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Smart TVs communicate with (and accept communication from) online media services, smart locks allow themselves to be unlocked by phones or keypads, digital cameras contact social media services, and smart meters communicate with the users utility company. Such communication, along with other functionalities of the device, is handled by software (termed firmware) embedded in the device. Because these devices often receive privacy-sensitive information from their sensors (such as what a user is watching, or how much electricity they are using), or carry out a safety-critical function (such as actuators that lock the front door), errors in the devices firmware, whether present due to an accidental mistake or purposeful malice, can have serious and varying implications in both the digital and physical world. Firmware, like any piece of software, is susceptible to a wide range of software errors. These include memory corruption flaws, command injection vulnerabilities and application logic flaws. Another common error seen in firmware is a logic flaw called an authentication bypass or less formally, a backdoor. An authentication bypass occurs when an error in the authentication routine of a device allows a user to perform actions for which they would otherwise need to know a set of credentials. In other cases, backdoors are deliberately inserted by the manufacturer to get access to deployed devices for maintenance and upgrade. Detecting vulnerabilities and backdoors in firmware is challenging for several reasons. To begin with, the devices in question are usually proprietary, and therefore the source code of the firmware is not available. While this is a problem common to analyzing binary software in general, firmware takes it one step further: firmware often takes the form of a single binary image that runs directly on the hardware of the device, without an underlying operating system. Because of this, OS and library abstractions do not exist in some cases, and are non-... Read more↗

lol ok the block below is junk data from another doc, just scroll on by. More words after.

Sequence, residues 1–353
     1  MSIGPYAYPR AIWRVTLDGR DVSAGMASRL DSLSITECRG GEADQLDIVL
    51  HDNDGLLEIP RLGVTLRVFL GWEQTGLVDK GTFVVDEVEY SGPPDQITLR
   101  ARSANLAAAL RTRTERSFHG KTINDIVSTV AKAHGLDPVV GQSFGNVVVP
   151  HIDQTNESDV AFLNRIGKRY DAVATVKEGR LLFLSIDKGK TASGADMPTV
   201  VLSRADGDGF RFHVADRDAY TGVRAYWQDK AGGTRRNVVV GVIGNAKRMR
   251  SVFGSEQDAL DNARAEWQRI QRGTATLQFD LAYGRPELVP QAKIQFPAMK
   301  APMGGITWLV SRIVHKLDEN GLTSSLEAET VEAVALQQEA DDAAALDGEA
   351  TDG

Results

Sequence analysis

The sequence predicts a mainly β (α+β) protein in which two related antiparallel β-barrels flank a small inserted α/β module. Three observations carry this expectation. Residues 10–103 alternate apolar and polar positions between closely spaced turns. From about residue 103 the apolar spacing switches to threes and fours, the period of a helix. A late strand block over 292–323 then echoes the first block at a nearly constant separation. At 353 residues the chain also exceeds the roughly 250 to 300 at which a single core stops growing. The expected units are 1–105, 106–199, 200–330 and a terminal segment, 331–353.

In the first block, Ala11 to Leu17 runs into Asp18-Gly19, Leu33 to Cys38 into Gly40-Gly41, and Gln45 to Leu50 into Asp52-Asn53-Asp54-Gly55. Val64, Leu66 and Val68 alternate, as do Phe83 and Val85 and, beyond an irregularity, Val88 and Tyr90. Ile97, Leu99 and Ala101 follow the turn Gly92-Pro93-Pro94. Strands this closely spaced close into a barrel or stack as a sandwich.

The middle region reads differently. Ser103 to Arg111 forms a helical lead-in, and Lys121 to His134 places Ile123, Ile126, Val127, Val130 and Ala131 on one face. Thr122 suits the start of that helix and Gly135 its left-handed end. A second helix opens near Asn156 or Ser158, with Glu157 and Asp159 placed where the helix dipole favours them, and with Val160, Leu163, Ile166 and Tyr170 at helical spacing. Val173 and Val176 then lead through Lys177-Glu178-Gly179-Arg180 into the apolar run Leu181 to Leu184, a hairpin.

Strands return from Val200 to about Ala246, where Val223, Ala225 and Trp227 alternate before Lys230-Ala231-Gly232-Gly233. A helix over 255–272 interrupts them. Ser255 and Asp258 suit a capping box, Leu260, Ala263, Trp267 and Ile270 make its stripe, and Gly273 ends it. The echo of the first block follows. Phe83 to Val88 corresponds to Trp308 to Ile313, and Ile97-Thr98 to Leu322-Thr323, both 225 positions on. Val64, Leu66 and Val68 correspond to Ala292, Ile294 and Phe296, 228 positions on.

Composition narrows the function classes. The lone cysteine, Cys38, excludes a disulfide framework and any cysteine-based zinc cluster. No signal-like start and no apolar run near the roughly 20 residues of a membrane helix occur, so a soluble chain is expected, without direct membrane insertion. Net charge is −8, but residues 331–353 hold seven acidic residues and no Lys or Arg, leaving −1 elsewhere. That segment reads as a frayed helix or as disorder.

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Updated1 year ago
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Keywordsus moore spread spectrum satcom hacking attacking the globalstar simplex data service pdf global star
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